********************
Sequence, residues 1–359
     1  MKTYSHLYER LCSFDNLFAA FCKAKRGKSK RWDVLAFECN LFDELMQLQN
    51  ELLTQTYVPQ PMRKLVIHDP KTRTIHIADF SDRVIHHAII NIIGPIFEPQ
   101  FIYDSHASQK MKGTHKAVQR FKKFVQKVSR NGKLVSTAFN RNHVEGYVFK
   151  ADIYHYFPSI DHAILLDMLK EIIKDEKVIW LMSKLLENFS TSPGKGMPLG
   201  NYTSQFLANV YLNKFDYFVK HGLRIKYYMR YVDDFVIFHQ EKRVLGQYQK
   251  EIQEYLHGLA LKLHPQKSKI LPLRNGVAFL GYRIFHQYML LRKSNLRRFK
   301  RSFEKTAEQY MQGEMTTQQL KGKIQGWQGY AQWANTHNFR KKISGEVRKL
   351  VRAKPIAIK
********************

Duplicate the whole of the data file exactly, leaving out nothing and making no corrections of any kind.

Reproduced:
Sequence, residues 1–359
     1  MKTYSHLYER LCSFDNLFAA FCKAKRGKSK RWDVLAFECN LFDELMQLQN
    51  ELLTQTYVPQ PMRKLVIHDP KTRTIHIADF SDRVIHHAII NIIGPIFEPQ
   101  FIYDSHASQK MKGTHKAVQR FKKFVQKVSR NGKLVSTAFN RNHVEGYVFK
   151  ADIYHYFPSI DHAILLDMLK EIIKDEKVIW LMSKLLENFS TSPGKGMPLG
   201  NYTSQFLANV YLNKFDYFVK HGLRIKYYMR YVDDFVIFHQ EKRVLGQYQK
   251  EIQEYLHGLA LKLHPQKSKI LPLRNGVAFL GYRIFHQYML LRKSNLRRFK
   301  RSFEKTAEQY MQGEMTTQQL KGKIQGWQGY AQWANTHNFR KKISGEVRKL
   351  VRAKPIAIK